Despite being in a deep economic recession Thessaloniki prioritised the development of a Sustainable Urban Mobility Plan (SUMP). Through involving all key stakeholders, the Thessaloniki Public Transport Authority (ThePTA) has been able to implement a SUMP for the entire metropolitan area focused on public transport and using limited financial resources. The Thessaloniki SUMP is now an example for other cities in Greece and other countries in south eastern Europe that face similar challenges.
ThePTA is a public body of the Metropolitan Area of Thessaloniki under the central government’s Ministry of Infrastructure, Transport and Networks. It operates within the Thessaloniki greater area, now called the Metropolitan Unit of Thessaloniki, which consists of 10 municipalities and over one million inhabitants.
In 2010 the economic and financial crisis led to the cancellation of all public spending, and the infrastructure plan proposed by the Ministry to replace the 10-year-old plan was not implemented. However, with issues like rising traffic congestion (Thessaloniki is the second largest city in Greece after the capital Athens), delays in the metro construction and the lack of co-ordinated mobility planning, action had to be taken. With funds from the South East Europe Transnational Cooperation Programme (SEE), initiated and co-funded by the European Commission’s European Regional Development Fund (ERDF), a SUMP was produced.
To overcome the city’s mobility issues and to produce a SUMP in times of austerity, ThePTA benefited from its participation as a partner in the Attractive Urban Public Transport for Accessible Cities (ATTAC) project of the SEE programme. The project was 85 per cent co-financed by the European Commission’s ERDF and lasted from January 2011 to December 2013. It involved the urban areas of eight partners, with 11 partners in seven south-eastern EU member states (HU, IT, GR, SK, SL, RO, BG). The total budget was € 2.45m, of which ThePTA received € 260 000.
Less than half was allocated to composing a strategic SUMP, requiring ThePTA to produce its plan with a limited budget of roughly € 125 000. It used this sum to pay for consultants, experts, data collection, consultations with stakeholders and promotional materials. The mobilisation and commitment from a wide range of stakeholders (including central government ministries, regional authorities, municipalities, trade unions, passenger and cycling associations, transport institutes and the university) and an emphasis on the better use of public transport were key elements of the planning process.
The final SUMP consists of 12 measures to be implemented and monitored, and enhancements to the SUMP methodology including integrated pricing and financing, travel behaviour research and specific attention to mobility planning for tourist destinations. In order of priority for ThePTA, they are:
Creating a smart and integrated ticketing and payment system;
Allowing rapid bus transit, including bus priority at traffic lights;
Using awareness campaigns to discourage the use of private cars and promote the use of sustainable mobility modes (such as public transport, cycling and walking);
Promoting the tram system, complementary to the metro, and new ways of financing and restructuring bus routes and accompanying urban regeneration;
Ensuring intermodality between the metro, trams and buses
Creating a seaborne transport system in the Thermaikos Gulf;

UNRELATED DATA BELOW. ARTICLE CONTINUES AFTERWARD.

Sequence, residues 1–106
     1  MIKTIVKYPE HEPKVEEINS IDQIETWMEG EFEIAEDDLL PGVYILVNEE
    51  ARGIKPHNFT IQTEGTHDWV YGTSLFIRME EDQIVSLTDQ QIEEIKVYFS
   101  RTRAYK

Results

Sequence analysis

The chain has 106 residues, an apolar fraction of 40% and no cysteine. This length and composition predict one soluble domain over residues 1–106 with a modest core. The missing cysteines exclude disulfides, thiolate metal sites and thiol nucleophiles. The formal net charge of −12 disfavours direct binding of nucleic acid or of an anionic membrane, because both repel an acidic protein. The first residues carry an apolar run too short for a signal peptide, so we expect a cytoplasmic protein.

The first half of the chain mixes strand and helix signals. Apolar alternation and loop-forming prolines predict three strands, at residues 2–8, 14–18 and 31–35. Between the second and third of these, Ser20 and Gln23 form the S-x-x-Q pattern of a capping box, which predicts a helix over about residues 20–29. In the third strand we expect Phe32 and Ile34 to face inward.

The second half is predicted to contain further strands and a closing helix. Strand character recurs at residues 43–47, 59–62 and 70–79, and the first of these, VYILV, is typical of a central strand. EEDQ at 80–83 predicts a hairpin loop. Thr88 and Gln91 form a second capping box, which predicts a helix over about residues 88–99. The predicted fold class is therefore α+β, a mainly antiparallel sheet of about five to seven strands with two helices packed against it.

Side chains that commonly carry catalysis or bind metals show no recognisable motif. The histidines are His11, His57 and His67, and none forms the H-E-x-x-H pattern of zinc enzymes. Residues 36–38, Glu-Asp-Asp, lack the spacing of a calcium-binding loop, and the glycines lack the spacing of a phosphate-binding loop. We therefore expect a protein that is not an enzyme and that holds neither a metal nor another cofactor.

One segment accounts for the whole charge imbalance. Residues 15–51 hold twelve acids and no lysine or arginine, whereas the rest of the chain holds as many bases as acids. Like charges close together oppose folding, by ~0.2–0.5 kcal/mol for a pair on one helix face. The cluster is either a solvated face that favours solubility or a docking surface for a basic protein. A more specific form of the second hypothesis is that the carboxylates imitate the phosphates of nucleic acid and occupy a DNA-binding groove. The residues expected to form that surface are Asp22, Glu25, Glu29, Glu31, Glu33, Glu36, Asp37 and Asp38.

Providing flexible transit systems including the restructuring of taxi services;
Integrating parking policy (joining together Park and Ride and a controlled street-parking system, with parking fees as deterrent to car use and a revenue stream);
Pedestrianising and regenerating public spaces;
Planning cycle lanes;
Creating a city bike-sharing scheme;
Applying a congestion charge and controlling access to the city centre.
Stakeholders have been very positive towards the plan’s vision, approach and measures, helped by the fact that most authorities are represented on ThePTA’s Board. Citizens have also been involved during the European Mobility Week in 2012 and 2013 and have shown enthusiasm for the plans. Each measure is expected to be implemented by 2022, around 10 years from the beginning of the SUMP creation process. The finance to complete the measures will come from the next round of European Commission Structural & Investment Funds for 2014-2020, and the Regional Operational Programme for Central Macedonia.
Challenges, opportunities and transferability
ThePTA created this SUMP with limited financial resources by using the SUMP guidelines and actively involving stakeholders - making Thessaloniki one of the first cities in Greece with a plan drafted according to these guidelines. Following the plan’s completion, ThePTA provided three recommendations that it believes will help other cities create their own SUMPs, as well as update Thessaloniki’s own SUMP in the future. The recommendations were to:
Include an institutional structure assessment and proposals to better co-ordinate and integrate transport modes, avoid overlaps of responsibility and promote an integrated transport authority for all modes (such as public transport and road traffic management/control);
Plan marketing campaigns to promote sustainable transport modes (such as public transport and cycling), including events to raise awareness and market research;
Introduce Information and Communications Technologies (ICT) applications throughout the transport system to promote sustainable 'seamless’ travel solutions and improve passenger navigation between different modes of transport.
With regards to the integrated transport authority: ThePTA is currently preparing its transformation into a single transport and mobility authority along the lines of other European transport authorities – a move that ThePTA chairman Mr Ioannis Palestis says is ‘a priority’.
Urban mobility planning
07 May 2014
09 Apr 2015